If you struggle to get out of bed in the morning, you’re not alone.
Almost half of British women (43%) say they are not getting enough sleep. In fact, 45% do not feel well-rested when they wake up.
The results are part of the ‘Reclaim Your Sleep’ survey of 4,100 UK adults, conducted by YouGov and supported by the Sleep Apnoea Trust Association (SATA).
Health experts are now warning of the detrimental effect sleep deprivation can have on long-term health.
The survey uncovered that women are more likely to experience difficulty sleeping than men.
When asked about their sleeping patterns, 46% of women said they have trouble sleeping compared to 36% of men.
Women were also more prone than men to waking up during the night and having trouble getting back to sleep afterwards (36% compared to 23%).
More than half of women surveyed (60%) admitted to feeling irritable during the day because of their sleep problems and a further 33% said they felt less confidence in their appearance as a result of a bad night’s sleep.
Commenting on the findings, Professor John Stradling, a sleep expert from Oxford University said: “Often women think that feeling exhausted is just part of modern life when in fact it could be something more serious.
“Remaining untreated leaves women at risk of reduced quality of life and serious health conditions, so it is important that they speak to their GP about any sleep problems that they have – the sooner their sleep issues are addressed by a sleep expert, the better.”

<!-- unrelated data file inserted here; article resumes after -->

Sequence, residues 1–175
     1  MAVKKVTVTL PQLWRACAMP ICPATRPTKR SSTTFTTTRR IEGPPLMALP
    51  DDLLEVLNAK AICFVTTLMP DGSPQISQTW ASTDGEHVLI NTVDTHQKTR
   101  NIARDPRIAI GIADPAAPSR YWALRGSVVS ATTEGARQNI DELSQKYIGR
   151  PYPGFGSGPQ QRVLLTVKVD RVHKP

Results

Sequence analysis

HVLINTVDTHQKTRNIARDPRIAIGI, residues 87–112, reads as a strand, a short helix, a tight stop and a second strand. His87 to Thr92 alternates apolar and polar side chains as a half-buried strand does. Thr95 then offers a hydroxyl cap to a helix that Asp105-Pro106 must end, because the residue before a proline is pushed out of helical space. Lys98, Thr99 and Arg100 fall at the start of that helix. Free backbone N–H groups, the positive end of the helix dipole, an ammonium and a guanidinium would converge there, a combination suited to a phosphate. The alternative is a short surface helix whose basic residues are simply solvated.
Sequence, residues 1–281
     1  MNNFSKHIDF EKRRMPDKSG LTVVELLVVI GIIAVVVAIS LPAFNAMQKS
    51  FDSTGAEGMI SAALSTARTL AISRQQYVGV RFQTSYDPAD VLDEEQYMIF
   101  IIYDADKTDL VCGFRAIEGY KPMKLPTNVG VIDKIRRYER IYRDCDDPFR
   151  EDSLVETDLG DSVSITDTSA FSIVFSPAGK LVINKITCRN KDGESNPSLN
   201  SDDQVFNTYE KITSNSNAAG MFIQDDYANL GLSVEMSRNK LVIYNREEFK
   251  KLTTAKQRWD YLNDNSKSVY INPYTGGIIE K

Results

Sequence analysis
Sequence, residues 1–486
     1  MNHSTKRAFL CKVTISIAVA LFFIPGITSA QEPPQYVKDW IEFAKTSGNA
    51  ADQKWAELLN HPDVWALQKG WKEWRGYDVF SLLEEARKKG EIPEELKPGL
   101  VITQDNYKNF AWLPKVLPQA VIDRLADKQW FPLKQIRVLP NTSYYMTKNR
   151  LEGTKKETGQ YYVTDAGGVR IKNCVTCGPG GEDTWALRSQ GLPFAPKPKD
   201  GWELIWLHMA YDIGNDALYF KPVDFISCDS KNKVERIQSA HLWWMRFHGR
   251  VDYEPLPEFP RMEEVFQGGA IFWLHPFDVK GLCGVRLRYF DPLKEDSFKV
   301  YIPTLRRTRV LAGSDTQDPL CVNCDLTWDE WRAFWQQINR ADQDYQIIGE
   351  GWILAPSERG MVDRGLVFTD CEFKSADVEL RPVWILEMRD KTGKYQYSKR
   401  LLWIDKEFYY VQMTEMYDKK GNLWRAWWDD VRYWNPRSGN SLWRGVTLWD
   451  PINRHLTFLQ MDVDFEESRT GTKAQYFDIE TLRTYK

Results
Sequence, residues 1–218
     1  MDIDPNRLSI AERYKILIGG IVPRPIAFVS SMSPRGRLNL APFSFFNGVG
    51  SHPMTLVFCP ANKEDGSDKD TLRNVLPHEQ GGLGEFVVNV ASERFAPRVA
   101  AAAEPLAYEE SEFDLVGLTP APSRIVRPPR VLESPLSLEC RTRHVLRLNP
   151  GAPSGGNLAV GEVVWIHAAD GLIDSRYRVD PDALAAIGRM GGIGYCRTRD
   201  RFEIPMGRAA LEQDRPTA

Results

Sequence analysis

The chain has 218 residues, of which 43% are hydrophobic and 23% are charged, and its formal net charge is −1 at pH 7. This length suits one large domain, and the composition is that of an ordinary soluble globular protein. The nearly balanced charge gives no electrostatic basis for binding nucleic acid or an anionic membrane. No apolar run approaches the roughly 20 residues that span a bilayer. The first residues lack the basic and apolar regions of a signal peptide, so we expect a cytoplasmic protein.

Despite sleep problems clearly having a negative impact on a lot of women, only a minority of those surveyed said they have spoken to their GP about problems nodding off.
Bill Johnston, chairman from the Sleep Apnoea Trust Association warned that sleep problems such as restlessness could indicate more serious health problems such as sleep apnea.
Obstructive sleep apnoea (OSA) is a debilitating condition affecting around 1.5 million adults in the UK.
Pregnancy and the menopause can increase a woman’s risk of having sleep apnoea, yet according to the survey, the majority of women in the UK are unaware of this.
The symptoms of sleep apnea present themselves differently in women than men and include: softer snoring, lower report of sleepiness, insomnia, restless legs, fatigue/day-time sleepiness, depression, headaches and muscle pain.
If left untreated, the condition can lead to other more serious health problems such as stroke and heart disease.
Johnston said: “The overall lack of awareness around sleep apnoea symptoms and its impact on a person’s health may mean that many are suffering in silence so it is important that we work with healthcare professionals to uncover this missing group and help minimise the impact of sleep problems on their lives.
“Women also need to help their doctor understand how they sleep to avoid misdiagnosis. Discussing their sleep quality, and any difficulties sleeping (such as insomnia, frequent awakenings, snoring and sleepiness or tiredness during the day), will really help.”